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IEEE working group to allow protected file sharing

updated 10:35 pm EDT, Mon June 14, 2010

IEEE proposes Digital Personal Property standard

The IEEE P1817 working group has come into effect last month and proposes a file protection system that aims to allow users to share their digital files but keep them protected from outright copying at the same time. Known as Digital Personal Property (DPP), it includes two pieces of a digital file and would be a less restrictive alternative to DRM file protection. There would be a title folder and a playkey. The title folder would contain the encrypted file, while a playkey would grant access.

Users could freely share the title folder, but granting access to the file within would only be allowed if they shared a playkey. It would be contained within either a tamper-protected circuit inside a computer or personal device, or online at a playkey hosting site. The playkey is then lent out like a library book. Owners would need to be careful who they lend the playkey out to, however, as the borrower could move it and never return it, much like lending out a physical item such as a CD.

As such, owners can also gift, donate or resell their digital property. Each playkey would be unique, singular and protected from counterfeiting.
The group's first meeting is scheduled for July 14th in Santa Clara, CA. [via Ars Technica]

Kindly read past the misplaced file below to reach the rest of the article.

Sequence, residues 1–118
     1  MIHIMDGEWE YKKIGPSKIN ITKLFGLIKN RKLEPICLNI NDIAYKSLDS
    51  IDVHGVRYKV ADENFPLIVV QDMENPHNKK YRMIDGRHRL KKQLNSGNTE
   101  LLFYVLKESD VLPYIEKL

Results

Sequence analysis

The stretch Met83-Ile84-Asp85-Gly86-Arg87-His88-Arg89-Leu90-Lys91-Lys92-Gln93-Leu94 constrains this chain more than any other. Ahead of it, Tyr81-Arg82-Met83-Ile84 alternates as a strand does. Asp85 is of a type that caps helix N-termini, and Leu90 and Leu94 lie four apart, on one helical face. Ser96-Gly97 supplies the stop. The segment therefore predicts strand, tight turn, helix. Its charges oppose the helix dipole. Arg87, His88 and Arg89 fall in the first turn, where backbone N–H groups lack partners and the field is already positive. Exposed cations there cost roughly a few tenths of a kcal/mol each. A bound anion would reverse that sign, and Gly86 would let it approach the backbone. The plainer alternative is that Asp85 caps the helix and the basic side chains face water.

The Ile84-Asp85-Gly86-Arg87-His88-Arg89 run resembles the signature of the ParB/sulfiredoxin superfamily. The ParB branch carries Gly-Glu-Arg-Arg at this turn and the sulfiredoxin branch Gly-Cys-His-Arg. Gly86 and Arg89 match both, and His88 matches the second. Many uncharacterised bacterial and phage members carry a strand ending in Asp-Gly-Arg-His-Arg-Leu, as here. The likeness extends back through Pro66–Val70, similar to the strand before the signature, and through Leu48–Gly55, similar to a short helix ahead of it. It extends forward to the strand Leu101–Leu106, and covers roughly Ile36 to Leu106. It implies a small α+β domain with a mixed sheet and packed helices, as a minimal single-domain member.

by MacNN Staff



  1. nowwhatareyoulookingat

    Joined: Dec 1969


    You to can lose all your possessions

    Now, you can lose thousands of dollars of 'possessions' just by getting a computer virus. And having a backup is meaningless because the virus just has to target the playkeys...

  1. WiseWeasel

    Joined: Dec 1969



    Seems complicated. Or, I could just rip all my shiny discs into standard, unencrypted formats, and then I can share them with whomever I want, or convert them to play on any device of my choosing. As long as the content is encrypted, I can't access it, and it's worthless to me. They're going to have to make this stuff more convenient than pirating or circumventing copy protection if they want to go anywhere with it.

  1. testudo

    Joined: Dec 1969


    Re: You can lose

    Gee, and you can lose all your 'possessions' now by just getting a computer virus. And a virus can destroy your backups too!

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